Many elderly and vulnerable people all across the country have been too scared to leave their homes since the start of the pandemic, but the promise of vaccination is giving them some much-needed optimism for the future.

The events of the last year have been particularly bleak for us all, but this has been especially true for the countless elderly residents who have been unable to leave their home for fear of becoming seriously ill – or worse.

Due to being classed as extremely at risk to COVID-19, many pensioners have been cut off from seeing their families and closest friends. Loneliness has historically always been a problem for older people, but being forced to shield themselves away from the outside world during the coronavirus pandemic has only further highlighted the issue. 

Trapped in their own home

Elderly couple Christine and David Lacey, who live with their clinically vulnerable son, haven’t left their house for almost a year. Mrs Lacey described their experiences and hardships under the recent lockdowns as she explained: “We’ve been shielding since last February, so a year, because we are both elderly.

“My husband is nearly 80 and I’m 74, and our son still lives at home with us. He was very ill and had to have his bowel removed several years ago and his immune system is very low, so we have to all be very careful.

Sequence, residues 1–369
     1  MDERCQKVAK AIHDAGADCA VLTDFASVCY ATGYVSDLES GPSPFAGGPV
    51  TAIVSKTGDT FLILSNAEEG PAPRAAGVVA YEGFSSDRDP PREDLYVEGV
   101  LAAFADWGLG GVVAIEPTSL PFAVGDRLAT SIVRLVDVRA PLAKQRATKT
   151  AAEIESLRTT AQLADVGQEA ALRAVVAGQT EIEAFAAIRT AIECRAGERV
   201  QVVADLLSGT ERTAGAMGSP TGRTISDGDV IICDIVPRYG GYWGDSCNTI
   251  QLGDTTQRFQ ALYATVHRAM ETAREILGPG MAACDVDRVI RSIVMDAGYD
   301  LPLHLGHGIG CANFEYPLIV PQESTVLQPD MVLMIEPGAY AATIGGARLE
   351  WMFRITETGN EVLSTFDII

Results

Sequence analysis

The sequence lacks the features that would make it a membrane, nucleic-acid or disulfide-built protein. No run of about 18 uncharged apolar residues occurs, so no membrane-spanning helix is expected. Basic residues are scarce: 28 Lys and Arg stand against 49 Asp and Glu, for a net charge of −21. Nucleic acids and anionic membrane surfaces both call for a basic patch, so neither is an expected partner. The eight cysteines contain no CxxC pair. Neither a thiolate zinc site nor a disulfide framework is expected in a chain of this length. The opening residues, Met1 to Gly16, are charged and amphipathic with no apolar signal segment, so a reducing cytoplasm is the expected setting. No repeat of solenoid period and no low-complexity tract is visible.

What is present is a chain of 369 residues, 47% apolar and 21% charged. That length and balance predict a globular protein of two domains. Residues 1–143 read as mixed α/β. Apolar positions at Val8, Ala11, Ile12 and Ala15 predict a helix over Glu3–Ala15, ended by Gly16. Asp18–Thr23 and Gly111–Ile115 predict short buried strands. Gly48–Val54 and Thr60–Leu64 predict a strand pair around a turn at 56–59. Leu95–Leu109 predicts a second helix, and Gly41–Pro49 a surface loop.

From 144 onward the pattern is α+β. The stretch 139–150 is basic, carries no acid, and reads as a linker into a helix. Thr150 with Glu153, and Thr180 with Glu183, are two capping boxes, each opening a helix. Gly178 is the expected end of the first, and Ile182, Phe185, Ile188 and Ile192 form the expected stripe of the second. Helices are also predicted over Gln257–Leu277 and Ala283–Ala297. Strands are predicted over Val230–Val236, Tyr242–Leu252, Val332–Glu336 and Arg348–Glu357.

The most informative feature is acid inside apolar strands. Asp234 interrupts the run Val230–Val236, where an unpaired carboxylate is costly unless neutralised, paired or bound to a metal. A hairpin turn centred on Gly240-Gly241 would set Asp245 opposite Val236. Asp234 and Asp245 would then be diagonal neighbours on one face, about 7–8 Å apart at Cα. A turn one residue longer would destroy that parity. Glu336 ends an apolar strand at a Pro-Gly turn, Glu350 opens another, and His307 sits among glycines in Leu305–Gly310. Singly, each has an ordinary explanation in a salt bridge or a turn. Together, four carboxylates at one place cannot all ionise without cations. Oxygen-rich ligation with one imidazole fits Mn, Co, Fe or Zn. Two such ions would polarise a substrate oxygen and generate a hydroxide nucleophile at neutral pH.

“The hardest part of shielding has been independence. We’ve been very lucky; we’ve had a lot of help from our daughter with shopping for essential items, but not everyone has been as fortunate as us.

“We’ve tried to keep some sort of routine so that we can keep busy all day, but it’s hard not to just go out when you want to anymore.

“You know, not to be able to do everything that you always used to be able to do, you take it all for granted. And when you can’t do it, you realise how lucky you were before all this happened.”

A return to normal life

Mr and Mrs Lacey were recently sent letters inviting them to get their first dose of the COVID-19 vaccination, which they received last Saturday (06/02). Although vaccines can take 2-3 weeks to start offering protection, Mrs Lacey spoke about how there had been a sudden positive change in her mental health when she said: “I can definitely say that I feel a lot happier.

“Even though it’s only the first jab, it is nice to feel like we have been given some protection now. The lockdowns and continued isolation have been really stressful for all of us and I can’t wait to eventually get back outside.”